Koto renames and rebrands health-tech company Huma inspired by Leonardo da Vinci and Persian mythology

A huge project that took more than a year, the rebrand echoes a new direction in more approachable health branding.

Date
24 April 2020
Reading Time
3 minute read

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Design agency Koto has renamed and rebranded health-tech company Medopad as Huma, creating a “warm and human” identity with charming, hand-drawn illustrations by Yu Nagaba. The concept behind the rebrand was to focus on the improved quality of life that consistent health monitoring can provide, rather than the more clinical aesthetic that preventative medicine often employs.

Launched in 2011, Huma (then called Medopad) originally specialised in remote patient monitoring for patients with rare and chronic diseases, but has since moved into a wider range of physical and mental health tech to help patients and healthcare providers spot issues before they develop. “From the minute we first engaged with Huma we knew this was a brand with massive potential,” says Koto founder and creative director, James Greenfield. “Health-tech has the chance to revolutionise the way people are treated globally. We’ve very much built a brand with our friends and relatives in mind.”

Commissioned at the beginning of 2019, Koto developed a vision for the company that could underpin the brand work, settling on a brand phrase of “a world where every person lives their life to the fullest” to inspire the creative. The project involved research, strategy and architecture, naming, design, product and web design, and took more than a year to complete. Talking to It’s Nice That, Greenfield explains that the key challenge of designing for health-tech companies is that work needs to relate to a broad set of audiences – both in terms of patients and professional partners. “This manifests itself with a higher need for trust for both sides of the audience,” he tells us. “For patients our health is universally what most people prioritise in life, so they need greater levels of trust when engaging with brands they don’t necessarily know. On the clinician and partner side it is a traditional space and new doesn’t equal good always.”

Huma’s new name is inspired by a benevolent and lucky mythological bird, which is also a symbol of Persian history. Phoenix-like, the bird flies invisibly above the earth, never resting. Not only does the new name hint at “human” and nod to Huma founder Dan Vahdat’s Persian heritage, but the name echoes the idea that Huma’s technology runs quietly in the background. “We put the meaning into the brand, but at the face level we just want audiences to see from the name out this is human-centred, something that is for everyone and reflect's the company's commitment to working with people, for people,” says Greenfield. “Meaning can be as deep or shallow as an audience needs at a moment in time for them to begin to connect with it.”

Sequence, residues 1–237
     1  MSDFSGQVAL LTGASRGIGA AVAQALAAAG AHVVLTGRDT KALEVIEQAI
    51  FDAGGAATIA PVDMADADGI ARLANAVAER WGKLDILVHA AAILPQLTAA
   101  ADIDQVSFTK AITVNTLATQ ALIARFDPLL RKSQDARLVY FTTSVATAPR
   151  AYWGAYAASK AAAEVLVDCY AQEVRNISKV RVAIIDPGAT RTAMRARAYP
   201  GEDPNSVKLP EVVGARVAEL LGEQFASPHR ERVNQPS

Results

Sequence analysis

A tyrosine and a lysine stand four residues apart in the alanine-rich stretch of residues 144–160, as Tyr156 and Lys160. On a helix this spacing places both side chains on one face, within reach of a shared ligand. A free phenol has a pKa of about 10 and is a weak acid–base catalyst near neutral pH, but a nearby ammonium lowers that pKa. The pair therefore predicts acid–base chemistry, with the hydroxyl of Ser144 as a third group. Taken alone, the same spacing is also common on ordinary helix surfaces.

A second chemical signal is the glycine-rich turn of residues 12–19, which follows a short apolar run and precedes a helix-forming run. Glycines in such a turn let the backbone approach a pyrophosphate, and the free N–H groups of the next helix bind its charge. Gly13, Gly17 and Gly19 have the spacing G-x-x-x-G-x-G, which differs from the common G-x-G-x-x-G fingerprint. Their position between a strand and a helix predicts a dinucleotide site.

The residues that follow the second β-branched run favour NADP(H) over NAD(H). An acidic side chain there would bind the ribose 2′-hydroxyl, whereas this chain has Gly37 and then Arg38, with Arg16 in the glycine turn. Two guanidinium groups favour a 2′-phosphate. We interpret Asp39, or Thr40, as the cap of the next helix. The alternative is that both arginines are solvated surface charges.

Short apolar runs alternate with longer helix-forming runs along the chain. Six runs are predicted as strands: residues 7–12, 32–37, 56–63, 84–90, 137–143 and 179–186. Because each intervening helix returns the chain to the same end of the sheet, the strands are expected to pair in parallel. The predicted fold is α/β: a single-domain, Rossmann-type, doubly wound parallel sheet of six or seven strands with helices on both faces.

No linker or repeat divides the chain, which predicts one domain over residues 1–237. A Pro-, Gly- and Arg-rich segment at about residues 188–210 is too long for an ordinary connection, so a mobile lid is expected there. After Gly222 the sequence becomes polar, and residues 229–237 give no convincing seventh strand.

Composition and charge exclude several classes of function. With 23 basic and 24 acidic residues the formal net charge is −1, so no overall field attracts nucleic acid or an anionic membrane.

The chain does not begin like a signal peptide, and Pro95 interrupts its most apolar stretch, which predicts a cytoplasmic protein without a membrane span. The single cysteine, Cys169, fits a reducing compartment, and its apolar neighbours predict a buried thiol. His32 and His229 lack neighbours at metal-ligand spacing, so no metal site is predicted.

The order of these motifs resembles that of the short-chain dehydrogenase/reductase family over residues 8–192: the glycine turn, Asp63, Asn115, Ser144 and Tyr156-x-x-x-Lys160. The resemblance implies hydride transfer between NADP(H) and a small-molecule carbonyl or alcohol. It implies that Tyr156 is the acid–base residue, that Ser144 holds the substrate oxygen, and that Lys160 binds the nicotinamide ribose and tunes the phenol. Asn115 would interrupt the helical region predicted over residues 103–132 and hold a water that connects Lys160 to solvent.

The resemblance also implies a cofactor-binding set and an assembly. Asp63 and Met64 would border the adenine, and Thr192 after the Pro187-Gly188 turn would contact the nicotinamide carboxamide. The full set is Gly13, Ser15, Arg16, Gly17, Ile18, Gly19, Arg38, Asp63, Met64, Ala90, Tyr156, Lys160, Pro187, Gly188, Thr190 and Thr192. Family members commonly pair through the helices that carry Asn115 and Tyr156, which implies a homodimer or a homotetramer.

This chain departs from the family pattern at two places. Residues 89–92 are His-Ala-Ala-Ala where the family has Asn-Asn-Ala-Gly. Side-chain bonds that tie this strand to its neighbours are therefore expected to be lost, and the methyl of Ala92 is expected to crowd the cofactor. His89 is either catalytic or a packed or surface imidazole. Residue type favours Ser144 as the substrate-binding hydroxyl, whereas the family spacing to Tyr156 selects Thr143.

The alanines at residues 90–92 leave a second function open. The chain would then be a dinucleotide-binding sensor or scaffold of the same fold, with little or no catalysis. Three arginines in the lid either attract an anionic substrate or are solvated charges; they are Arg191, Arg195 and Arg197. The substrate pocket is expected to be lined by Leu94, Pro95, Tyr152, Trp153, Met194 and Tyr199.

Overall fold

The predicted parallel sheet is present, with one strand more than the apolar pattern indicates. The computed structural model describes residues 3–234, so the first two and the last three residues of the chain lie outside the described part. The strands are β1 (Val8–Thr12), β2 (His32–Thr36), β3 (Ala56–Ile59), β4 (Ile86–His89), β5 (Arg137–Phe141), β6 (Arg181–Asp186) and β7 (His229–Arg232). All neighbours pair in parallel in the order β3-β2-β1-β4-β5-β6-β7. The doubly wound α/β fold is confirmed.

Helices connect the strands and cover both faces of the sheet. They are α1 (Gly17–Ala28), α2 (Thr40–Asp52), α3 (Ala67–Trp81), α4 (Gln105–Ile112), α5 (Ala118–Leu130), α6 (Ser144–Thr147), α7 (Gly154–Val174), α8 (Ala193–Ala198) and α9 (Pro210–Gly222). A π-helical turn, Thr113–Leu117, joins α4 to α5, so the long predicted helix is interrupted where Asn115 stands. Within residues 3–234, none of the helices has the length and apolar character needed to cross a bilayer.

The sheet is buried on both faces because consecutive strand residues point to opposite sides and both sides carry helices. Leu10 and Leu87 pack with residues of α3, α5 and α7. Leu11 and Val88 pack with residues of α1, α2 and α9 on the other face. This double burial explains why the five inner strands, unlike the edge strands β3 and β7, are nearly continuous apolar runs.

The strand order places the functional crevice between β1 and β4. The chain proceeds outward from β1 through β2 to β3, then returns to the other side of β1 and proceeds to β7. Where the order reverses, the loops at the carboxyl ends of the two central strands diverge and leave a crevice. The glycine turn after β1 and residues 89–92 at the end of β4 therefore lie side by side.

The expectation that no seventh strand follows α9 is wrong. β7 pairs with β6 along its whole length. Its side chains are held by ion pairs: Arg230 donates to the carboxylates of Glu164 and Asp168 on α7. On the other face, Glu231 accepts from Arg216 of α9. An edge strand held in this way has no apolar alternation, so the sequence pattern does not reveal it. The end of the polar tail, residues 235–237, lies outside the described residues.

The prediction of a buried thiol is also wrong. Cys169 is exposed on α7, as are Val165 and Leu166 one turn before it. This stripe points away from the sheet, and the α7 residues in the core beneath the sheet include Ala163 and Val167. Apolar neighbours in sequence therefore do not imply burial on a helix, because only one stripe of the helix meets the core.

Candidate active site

For the logo Koto wanted to create a symbol that reflected holistic health and created a marque inspired by Leonardo da Vinci’s Vitruvian Man. The colour palette was inspired by the weather, with cool and warm colours for different functionalities, and a clear sky visual as a metaphor for good health. “The colour palette inspired by nature adds a warmth and sense of calm to brand,” says Deanna German, Koto’s design director. “It’s a refreshing change from competitors within the healthcare space, which often feel quite cold and sterile.” The main typeface is a customisation of Victor Serif by Christian Janský at Kometa, while Noto was used for body copy. “Victor Serif was chosen to deliver a trusted feeling utilising the semiotics of periodicals and other sources of knowledge,” says German.

To bring the brand to life online and in the app, Koto worked with Tokyo-based illustrator Yu Nagaba to pen illustrations of healthcare workers, patients and their families, which have been animated by Michael William Lester at Beginners studio. “Yu has such an obviously hand-drawn style, that we felt it really worked in softening the brand in a world of cold UI,” Greenfield explains. “We knew from the off we wanted illustration to appear in the products Huma made so we felt it would help the brand stand out agains its competition, both new and existing.” The result is an approachable and authoritative brand that is able to make complex medicine easier to understand – something very relevant for the current moment.

GalleryKoto: Huma visual identity

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Koto: Huma visual identity

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About the Author

Laura Snoad

Laura is a London-based arts journalist who has been working for It’s Nice That on a freelance basis since 2016.

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